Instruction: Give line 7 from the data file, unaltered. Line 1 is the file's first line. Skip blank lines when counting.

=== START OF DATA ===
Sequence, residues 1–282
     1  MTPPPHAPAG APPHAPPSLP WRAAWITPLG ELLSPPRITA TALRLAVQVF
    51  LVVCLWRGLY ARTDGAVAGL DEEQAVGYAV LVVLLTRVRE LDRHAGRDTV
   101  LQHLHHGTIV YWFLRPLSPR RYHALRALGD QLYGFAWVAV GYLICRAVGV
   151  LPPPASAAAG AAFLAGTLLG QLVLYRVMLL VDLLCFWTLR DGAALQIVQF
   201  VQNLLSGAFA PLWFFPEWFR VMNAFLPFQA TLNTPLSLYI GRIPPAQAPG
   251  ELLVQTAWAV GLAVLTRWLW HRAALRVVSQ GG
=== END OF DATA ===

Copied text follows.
   251  ELLVQTAWAV GLAVLTRWLW HRAALRVVSQ GG